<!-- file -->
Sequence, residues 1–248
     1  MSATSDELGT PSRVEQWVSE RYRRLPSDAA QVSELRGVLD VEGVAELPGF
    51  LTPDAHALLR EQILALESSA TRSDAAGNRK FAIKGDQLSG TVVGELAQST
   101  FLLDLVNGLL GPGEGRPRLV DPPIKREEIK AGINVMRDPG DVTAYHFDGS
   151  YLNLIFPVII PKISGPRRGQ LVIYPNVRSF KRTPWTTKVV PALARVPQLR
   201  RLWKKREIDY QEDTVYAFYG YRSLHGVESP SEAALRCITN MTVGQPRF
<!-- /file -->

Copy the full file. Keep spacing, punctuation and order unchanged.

Sequence, residues 1–248
     1  MSATSDELGT PSRVEQWVSE RYRRLPSDAA QVSELRGVLD VEGVAELPGF
    51  LTPDAHALLR EQILALESSA TRSDAAGNRK FAIKGDQLSG TVVGELAQST
   101  FLLDLVNGLL GPGEGRPRLV DPPIKREEIK AGINVMRDPG DVTAYHFDGS
   151  YLNLIFPVII PKISGPRRGQ LVIYPNVRSF KRTPWTTKVV PALARVPQLR
   201  RLWKKREIDY QEDTVYAFYG YRSLHGVESP SEAALRCITN MTVGQPRF